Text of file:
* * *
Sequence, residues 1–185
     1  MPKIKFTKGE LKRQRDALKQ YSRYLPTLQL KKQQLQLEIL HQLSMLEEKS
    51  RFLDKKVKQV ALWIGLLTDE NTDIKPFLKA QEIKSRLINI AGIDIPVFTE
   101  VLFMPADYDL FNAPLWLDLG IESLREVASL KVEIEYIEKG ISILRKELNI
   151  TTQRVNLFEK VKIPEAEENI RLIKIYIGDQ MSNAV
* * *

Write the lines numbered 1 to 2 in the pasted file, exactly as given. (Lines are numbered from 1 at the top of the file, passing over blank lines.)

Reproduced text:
Sequence, residues 1–185
     1  MPKIKFTKGE LKRQRDALKQ YSRYLPTLQL KKQQLQLEIL HQLSMLEEKS